Retailers have always had a hard time with returns, especially after the holidays. Abuse of refunds is becoming an even bigger problem as a result of the pandemic’s increase in online shopping, and experts predict that this problem will only get worse.
In 2020, cybercrime cost more than $1 trillion worldwide, according to Atlas VPN, and Sift Trust and Safety Architect Jane Lee anticipates that figure will rise by the end of the year. Accertify’s VP of Marketing & Client Solutions, Jeff Wixted, provides some important reasons why the problem of refund abuse won’t go away anytime soon:
- Expansion of e-commerce. An increasing number of products are being purchased online and delivered to individual households. Retailers may have a harder time catching fraudsters as the volume grows, making it easier for them to hide.
- First-Party Betrayal. When the “true” customer is making the purchase, it is extremely difficult to identify 1st Party Fraud. In the end, this kind of attack happens after the goods have been received, not when they are purchased.
- Retailing in a competitive environment The return and refund policies of a retailer influence many customers’ shopping decisions. Consequently, balancing a customer-friendly policy with protection against abuse and fraud is a delicate balance.
What to Look Out For During the Holidays
According to Lee, bad actors are known to rig the refunding process by trying to return a stolen item, “returning” an empty package, or falsely claiming that they never received a shipped item. Buy online, pick up in-store fraud should also be prepared for by retailers. Since the beginning of the pandemic, BOPIS shopping has increased dramatically, making it an appealing method for fraudsters to take advantage of. It is easy for BOPIS fraudsters to go unnoticed because merchants cannot use the buffer time between an order being placed and shipped to validate a transaction or rely on traditional indicators like a mismatch between a billing and shipping address, as they would with a typical online order. Lee stated, “Retailers need to look to other forms of data to understand the usual behaviors of their customers and spot telltale deviations to mitigate this challenge.”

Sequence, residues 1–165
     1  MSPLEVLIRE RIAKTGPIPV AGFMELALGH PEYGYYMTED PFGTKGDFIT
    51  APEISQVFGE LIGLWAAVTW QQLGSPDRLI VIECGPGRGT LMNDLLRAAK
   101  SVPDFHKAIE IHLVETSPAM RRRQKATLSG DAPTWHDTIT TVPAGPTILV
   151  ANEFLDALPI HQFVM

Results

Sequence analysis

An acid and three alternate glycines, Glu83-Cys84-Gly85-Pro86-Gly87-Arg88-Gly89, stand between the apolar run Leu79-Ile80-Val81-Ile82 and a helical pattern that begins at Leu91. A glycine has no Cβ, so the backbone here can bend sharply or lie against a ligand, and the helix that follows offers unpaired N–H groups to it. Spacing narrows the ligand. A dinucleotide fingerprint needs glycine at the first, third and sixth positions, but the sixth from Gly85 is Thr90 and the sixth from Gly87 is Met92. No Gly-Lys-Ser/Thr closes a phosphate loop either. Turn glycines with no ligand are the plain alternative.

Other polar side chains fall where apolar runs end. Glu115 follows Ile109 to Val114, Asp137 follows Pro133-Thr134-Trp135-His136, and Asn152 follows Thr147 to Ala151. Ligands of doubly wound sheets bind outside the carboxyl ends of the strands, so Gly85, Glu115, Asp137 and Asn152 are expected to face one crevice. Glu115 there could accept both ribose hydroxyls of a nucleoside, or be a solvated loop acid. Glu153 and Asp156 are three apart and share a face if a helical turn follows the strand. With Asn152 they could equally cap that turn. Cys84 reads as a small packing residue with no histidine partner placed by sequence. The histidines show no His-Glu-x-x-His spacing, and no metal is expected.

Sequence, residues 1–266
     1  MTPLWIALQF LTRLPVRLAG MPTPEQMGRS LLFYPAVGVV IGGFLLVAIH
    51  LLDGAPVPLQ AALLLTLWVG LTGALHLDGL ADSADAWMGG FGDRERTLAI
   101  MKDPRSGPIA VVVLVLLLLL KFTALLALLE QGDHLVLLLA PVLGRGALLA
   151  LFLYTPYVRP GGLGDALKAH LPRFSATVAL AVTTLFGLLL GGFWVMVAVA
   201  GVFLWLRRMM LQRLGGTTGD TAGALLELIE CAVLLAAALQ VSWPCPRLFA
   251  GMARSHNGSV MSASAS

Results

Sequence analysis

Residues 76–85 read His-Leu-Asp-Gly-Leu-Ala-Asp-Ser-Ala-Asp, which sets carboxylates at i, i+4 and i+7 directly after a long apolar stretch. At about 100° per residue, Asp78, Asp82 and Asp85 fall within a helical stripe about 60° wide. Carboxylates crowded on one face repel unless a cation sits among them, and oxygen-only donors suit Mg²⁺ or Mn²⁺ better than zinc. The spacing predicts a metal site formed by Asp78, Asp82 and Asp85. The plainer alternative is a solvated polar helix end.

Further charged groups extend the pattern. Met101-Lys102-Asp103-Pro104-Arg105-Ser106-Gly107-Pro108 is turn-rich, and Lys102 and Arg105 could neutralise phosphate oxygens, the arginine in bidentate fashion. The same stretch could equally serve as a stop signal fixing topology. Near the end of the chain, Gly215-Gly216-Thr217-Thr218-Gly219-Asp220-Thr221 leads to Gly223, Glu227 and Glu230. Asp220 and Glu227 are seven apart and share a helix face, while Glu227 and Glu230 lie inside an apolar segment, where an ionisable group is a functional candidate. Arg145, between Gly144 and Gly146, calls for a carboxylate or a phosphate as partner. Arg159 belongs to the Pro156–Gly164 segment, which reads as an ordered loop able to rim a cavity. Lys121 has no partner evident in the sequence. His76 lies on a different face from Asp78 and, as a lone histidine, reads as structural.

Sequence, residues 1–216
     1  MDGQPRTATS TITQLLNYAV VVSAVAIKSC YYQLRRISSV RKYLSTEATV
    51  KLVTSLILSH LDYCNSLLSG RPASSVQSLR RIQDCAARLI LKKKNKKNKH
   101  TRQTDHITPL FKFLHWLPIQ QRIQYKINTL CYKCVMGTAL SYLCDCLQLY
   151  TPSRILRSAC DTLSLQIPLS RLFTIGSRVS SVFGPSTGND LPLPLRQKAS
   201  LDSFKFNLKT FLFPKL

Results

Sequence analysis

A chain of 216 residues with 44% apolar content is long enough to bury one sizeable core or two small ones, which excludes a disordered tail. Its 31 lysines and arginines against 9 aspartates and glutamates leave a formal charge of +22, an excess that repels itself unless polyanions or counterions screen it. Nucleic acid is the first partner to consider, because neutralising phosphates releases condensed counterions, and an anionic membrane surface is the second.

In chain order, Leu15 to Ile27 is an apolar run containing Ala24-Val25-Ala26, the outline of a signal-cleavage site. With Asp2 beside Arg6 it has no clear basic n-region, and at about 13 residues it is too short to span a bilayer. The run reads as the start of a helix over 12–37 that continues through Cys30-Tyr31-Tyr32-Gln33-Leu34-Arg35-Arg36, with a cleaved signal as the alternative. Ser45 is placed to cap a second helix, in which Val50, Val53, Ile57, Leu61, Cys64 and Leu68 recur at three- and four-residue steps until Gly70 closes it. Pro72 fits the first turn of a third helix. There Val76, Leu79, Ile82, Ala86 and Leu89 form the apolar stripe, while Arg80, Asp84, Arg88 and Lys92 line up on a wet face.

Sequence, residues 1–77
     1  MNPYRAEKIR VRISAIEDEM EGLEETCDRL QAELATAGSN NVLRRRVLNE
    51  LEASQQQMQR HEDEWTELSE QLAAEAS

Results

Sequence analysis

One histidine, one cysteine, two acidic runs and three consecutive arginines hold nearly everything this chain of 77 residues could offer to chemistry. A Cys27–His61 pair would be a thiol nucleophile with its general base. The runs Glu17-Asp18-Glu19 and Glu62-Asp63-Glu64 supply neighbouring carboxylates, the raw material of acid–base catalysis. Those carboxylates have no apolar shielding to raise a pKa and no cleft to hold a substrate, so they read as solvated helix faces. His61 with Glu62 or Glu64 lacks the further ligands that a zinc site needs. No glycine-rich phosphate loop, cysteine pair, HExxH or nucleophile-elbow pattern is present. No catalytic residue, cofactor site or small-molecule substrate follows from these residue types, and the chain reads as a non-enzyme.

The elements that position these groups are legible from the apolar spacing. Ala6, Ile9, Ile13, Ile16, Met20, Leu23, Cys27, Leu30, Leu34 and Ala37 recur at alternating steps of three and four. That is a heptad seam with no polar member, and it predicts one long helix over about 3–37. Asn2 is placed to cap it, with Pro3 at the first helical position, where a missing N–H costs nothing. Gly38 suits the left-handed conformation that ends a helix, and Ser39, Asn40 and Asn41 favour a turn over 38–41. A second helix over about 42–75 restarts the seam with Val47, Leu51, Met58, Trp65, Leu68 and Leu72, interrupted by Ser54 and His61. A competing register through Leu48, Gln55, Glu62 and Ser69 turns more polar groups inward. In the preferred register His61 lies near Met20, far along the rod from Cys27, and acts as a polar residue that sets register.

According to Lee, apparel and electronics are among the most common targets for fraudsters, and the increased volume of transactions occurring during the holiday season only provides additional cover for dishonest individuals to slip under the radar. Additionally, fraudsters are pursuing higher-value purchases. Sift recently discovered a 69 percent increase in the average value of attempted fraudulent purchases, with designer brands and new electronics among the most popular targets.
How Can Retailers Combat Fraud?
According to Wixted, “it is important to start monitoring and measuring” because “one of the main issues with refund abuse is that so many merchants do not know the true size of refund fraud within their organization.” The fraud prevention teams ought to collaborate with the customer service and support teams to keep track of how many requests for refunds are coming in, particularly for large-ticket items. Make sure that these requests are recorded each time they are made so that they can begin determining which customers have filed multiple claims. Merchants can determine the true impact and the best way to mitigate the problem by measuring the size of the problem, which is always the first step.
Lee recommends starting with a Digital Trust & Safety strategy, which dynamically addresses fraud while creating a more seamless experience for legitimate customers, if your company does not already have a dedicated fraud prevention team in place. During times of high traffic, traditional manual review procedures, such as caps on order values and volumes, are unable to detect fraud. Instead, they are either completely halting legitimate transactions or causing customer journey friction. This holiday season, retailers can better defend against fraud at scale by implementing a Digital Trust & Safety approach and technologies like machine learning. Machine learning systems can quickly adapt to detect suspicious activity in real time without human intervention by ingesting thousands of distinct signals beyond purchase data.
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